Description: There is evidence to suggest that the yaws bacterium ( Treponema pallidum ssp. pertenue ) may exist in non-human primate populations residing in regions where yaws is endemic in humans. Especially in light of the fact that the World Health Organizaiton (WHO) recently launched its second yaws eradication campaign, there is a considerable need for reliable tools to identify treponemal infection in our closest relatives, African monkeys and great apes. It was hypothesized that commercially available serological tests detect simian anti- T . pallidum antibody in serum samples of baboons, with comparable sensitivity and specificity to their results on human sera. Test performances of five different treponemal tests (TTs) and two non-treponemal tests (NTTs) were evaluated using serum samples of 57 naturally T . pallidum -infected olive baboons ( Papio anubis ) from Lake Manyara National Park in Tanzania. The T . pallidum particle agglutination assay (TP-PA) was used as a gold standard for comparison. In addition, the overall infection status of the animals was used to further validate test performances. For most accurate results, only samples that originated from baboons of known infection status, as verified in a previous study by clinical inspection, PCR and immunohistochemistry, were included. All tests, TTs and NTTs, used in this study were able to reliably detect antibodies against T . pallidum in serum samples of infected baboons. The sensitivity of TTs ranged from 97.7-100%, while specificity was between 88.0-100.0%. The two NTTs detected anti-lipoidal antibodies in serum samples of infected baboons with a sensitivity of 83.3% whereas specificity was 100%. For screening purposes, the TT Espline TP provided the highest sensitivity and specificity and at the same time provided the most suitable format for use in the field. The enzyme immune assay Mastblot TP (IgG), however, could be considered as a confirmatory test. ; The success of any disease eradication campaign depends on considering possible non-human reservoirs of the disease. Although the first report of . infection in baboons was published in the 1970’s and the zoonotic potential was demonstrated by inoculation of a West African simian strain into humans, nonhuman primates have not yet been considered as a possible reservoir for re-emerging yaws in Africa. Simian strains are genetically most closely related to the strains that cause yaws in humans. The identification of baboons as a reservoir for human infection in Africa would be revolutionary and aid important aspects to yaws eradication programs. Reliable serological tests and a useful standardized test algorithm for the screening of wild baboon populations are essential for studying potential transmission events between monkeys and humans.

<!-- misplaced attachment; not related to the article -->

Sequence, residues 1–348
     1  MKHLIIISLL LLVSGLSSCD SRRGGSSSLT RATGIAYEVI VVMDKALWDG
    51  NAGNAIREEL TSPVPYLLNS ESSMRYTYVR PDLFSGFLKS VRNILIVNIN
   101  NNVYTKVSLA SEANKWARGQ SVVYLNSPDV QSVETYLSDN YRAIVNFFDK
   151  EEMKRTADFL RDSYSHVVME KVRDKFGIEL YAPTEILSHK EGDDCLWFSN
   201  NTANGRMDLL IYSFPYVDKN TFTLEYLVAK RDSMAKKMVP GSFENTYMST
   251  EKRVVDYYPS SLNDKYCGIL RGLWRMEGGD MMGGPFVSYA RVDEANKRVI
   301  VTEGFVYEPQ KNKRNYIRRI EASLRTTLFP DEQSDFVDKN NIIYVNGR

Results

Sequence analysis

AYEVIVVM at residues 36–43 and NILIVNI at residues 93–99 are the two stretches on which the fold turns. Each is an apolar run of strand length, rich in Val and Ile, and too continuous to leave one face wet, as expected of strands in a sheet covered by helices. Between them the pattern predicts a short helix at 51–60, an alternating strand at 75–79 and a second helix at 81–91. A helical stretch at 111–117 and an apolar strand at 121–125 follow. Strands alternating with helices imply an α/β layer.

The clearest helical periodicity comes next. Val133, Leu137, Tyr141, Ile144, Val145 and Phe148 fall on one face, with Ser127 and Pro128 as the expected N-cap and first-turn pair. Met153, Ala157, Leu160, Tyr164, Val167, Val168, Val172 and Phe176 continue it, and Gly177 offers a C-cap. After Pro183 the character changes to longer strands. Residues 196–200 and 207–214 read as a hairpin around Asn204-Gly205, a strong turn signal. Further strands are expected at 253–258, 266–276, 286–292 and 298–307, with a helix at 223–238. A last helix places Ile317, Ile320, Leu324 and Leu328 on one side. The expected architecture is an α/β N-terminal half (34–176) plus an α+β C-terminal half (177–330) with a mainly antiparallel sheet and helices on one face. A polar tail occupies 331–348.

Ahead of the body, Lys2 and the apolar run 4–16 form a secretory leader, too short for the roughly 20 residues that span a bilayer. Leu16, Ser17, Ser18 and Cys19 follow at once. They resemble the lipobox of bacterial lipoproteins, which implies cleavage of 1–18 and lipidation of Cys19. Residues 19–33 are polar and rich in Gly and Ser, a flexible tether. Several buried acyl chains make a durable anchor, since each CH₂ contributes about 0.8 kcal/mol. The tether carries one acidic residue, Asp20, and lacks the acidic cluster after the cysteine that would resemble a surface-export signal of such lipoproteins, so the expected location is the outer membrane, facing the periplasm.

Keywords: Research Article
    ISSN: 19352727
    E-ISSN: 1935-2735
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  • 4
    Language: English
    In: PLoS Neglected Tropical Diseases, 01 April 2018, Vol.12(4), p.e0006396
    Description: We show proof of concept for gene targets (polA, tprL, and TP_0619) that can be used in loop-mediated isothermal amplification (LAMP) assays to rapidly differentiate infection with any of the three Treponema pallidum subspecies (pallidum (TPA), pertenue (TPE), and endemicum (TEN)) and which...
    Keywords: Medicine
    ISSN: 1935-2727
    E-ISSN: 1935-2735
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  • 5
    Language: English
    In: Emerging infectious diseases, May 2017, Vol.23(5), pp.816-819
    Description: Survey results showed treponemal infection among pet macaques in Southeast Asia, a region with a high prevalence of human yaws. This finding, along with studies showing treponemal infection in nonhuman primates in Africa, should encourage a One Health approach to yaws eradication and surveillance activities, possibly including monitoring of nonhuman primates in yaws-endemic regions.
    Keywords: Asia ; Indonesia ; Macaca Spp. ; One Health ; Southeast Asia ; Sulawesi ; Treponema Pallidum ; Treponema Pallidum Subsp. Pertenue ; Bacteria ; Eradication ; Macaques ; Mammalian Host Reservoirs ; Nonhuman Primates ; Nontreponemal ; Pets ; Surveillance ; Yaws ; Monkey Diseases -- Epidemiology ; Treponemal Infections -- Veterinary
    ISSN: 10806040
    E-ISSN: 1080-6059
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  • 6
    Language: English
    In: Emerging infectious diseases, June 2018, Vol.24(6), pp.1002-1009
    Description: We investigated Treponema pallidum infection in 8 nonhuman primate species (289 animals) in Tanzania during 2015-2017. We used a serologic treponemal test to detect antibodies against the bacterium. Infection was further confirmed from tissue samples of skin-ulcerated animals by 3 independent PCRs (polA, tp47, and TP_0619). Our findings indicate that T. pallidum infection is geographically widespread in Tanzania and occurs in several species (olive baboons, yellow baboons, vervet monkeys, and blue monkeys). We found the bacterium at 11 of 14 investigated geographic locations. Anogenital ulceration was the most common clinical manifestation; orofacial lesions also were observed. Molecular data show that nonhuman primates in Tanzania are most likely infected with T. pallidum subsp. pertenue-like strains, which could have implications for human yaws eradication.
    Keywords: Africa ; One Health ; Tanzania ; Treponema Pallidum ; Bacteria ; Eradication ; Infection ; Nonhuman Primates ; Spirochetes ; Yaws ; Treponema Pallidum ; Primate Diseases -- Epidemiology ; Yaws -- Veterinary
    ISSN: 10806040
    E-ISSN: 1080-6059